The Faults of Meat

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"If we aspire to live with compassion toward all beings, how should we approach meat eating? In Tibetan Buddhism, this question has been debated since the eleventh century. The texts compiled and discussed in The Faults of Meat shed light on conversations about vegetarianism in ways that are at times surprising and always illuminating. This book is highly valuable for scholars of Buddhism, but also for people in the vegan, vegetarian, reducetarian, and omnivore communities who care about animals and grapple with the ethics of our current food system." —Barbara J. King, author of Personalities on the Plate: The Lives and Minds of Animals We Eat


Tibetan Buddhist Writings on Vegetarianism

Geoffrey Barstow

Should all Buddhists be vegetarian?

Vegetarianism is an important topic of debate in Buddhist circles—some argue that Buddhists should avoid meat entirely while others suggest that it is acceptable. For the most part, however, this ethical query has been conducted in the West without consulting traditional literature on the subject. The Faults of Meat brings together for the first time a collection of rich and intricate explorations of authoritative Tibetan views on eating meat. These fourteen nuanced texts, ranging from scholastic treatises to poetic verse, reveal vegetarianism as a significant, ongoing issue of debate for Tibetans across time and traditions, with a wide variety of voices marshaled against meat, and a few in favor. Authors include many important Tibetan teachers:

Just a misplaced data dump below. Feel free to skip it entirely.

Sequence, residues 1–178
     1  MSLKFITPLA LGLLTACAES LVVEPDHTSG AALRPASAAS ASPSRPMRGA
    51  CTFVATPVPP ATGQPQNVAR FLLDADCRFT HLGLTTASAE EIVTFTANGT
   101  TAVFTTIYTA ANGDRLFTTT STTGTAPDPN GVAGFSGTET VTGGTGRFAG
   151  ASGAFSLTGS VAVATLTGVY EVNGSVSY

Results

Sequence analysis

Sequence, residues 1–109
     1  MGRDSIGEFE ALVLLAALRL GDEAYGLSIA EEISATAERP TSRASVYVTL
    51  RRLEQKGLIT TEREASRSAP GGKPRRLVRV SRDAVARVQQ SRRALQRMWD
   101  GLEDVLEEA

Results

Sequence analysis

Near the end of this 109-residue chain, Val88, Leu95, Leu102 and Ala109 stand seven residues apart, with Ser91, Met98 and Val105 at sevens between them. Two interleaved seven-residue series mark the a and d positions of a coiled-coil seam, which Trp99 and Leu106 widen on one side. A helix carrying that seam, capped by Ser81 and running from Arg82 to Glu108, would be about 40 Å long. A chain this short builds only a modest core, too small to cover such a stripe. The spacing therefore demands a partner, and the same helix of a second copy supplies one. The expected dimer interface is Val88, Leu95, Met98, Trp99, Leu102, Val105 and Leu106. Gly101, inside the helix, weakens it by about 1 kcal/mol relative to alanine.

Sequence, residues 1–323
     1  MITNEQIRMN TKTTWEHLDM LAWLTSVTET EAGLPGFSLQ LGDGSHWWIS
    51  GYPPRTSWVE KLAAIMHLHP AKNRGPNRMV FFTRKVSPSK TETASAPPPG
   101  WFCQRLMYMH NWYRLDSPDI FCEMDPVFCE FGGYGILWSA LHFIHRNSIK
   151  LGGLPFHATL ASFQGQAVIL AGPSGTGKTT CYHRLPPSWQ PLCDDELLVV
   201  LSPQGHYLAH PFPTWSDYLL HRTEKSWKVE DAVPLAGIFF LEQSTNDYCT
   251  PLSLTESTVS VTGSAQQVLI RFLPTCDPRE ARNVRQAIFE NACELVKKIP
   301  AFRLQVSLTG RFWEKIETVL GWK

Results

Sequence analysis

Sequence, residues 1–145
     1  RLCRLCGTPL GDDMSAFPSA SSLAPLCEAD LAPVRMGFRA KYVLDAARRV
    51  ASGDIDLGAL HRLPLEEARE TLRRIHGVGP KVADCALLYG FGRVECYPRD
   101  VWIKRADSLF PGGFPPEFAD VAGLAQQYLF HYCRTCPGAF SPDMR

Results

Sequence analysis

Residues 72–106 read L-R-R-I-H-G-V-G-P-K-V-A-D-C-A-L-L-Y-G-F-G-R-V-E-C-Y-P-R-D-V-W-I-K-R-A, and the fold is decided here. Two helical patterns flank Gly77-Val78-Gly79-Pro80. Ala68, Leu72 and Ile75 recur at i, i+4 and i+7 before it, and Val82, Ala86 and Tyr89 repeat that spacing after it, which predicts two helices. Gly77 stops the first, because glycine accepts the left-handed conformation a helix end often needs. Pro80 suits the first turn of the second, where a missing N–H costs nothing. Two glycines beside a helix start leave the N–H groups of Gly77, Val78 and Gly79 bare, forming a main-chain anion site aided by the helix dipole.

Dolpopa Sherab Gyaltsen (1292–1361)
Khedrup Jé (1385–1438)
The eighth Karmapa, Mikyö Dorjé (1507–1554)
Shabkar Tsokdrük Rangdröl (1781–1851)
Khenpo Tsultrim Lodrö (1961– )
and many more.

These Buddhist teachers recognize both the ethical problems that surround meat eating and the practical challenges of maintaining a vegetarian diet; their skilled arguments are illuminated further by the translators’ introductions to each work.
The perspectives in The Faults of Meat are strikingly relevant to our discussions of vegetarianism today; they introduce us to new approaches and solutions to a contentious issue for Buddhists.

book information
  • Paperback
  • 352 pages, 6 x 9 inches
  • $34.95
  • ISBN 9781614294818
  • ebook
  • 352 pages
  • $19.99
  • ISBN 9781614295051
about the author
The Faults of Meat

Geoffrey Barstow is an American scholar of Tibetan Buddhism whose research focuses on animal ethics and particularly the practice of vegetarianism.  He asks questions about how animals were viewed, how they were treated (ie: eaten), what that can tell us about Tibetan Buddhism, and how Buddhist ideas about animal ethics might impact broader philosophical discussions.  As an undergrad, Barstow studied Buddhism at Hampshire College and the Rangjung Yeshe Institute. He then received his PhD from University of Virginia in 2013 and is now an associate professor of religious studies at Oregon State University. He is a student of Chökyi Nyima Rinpoche.

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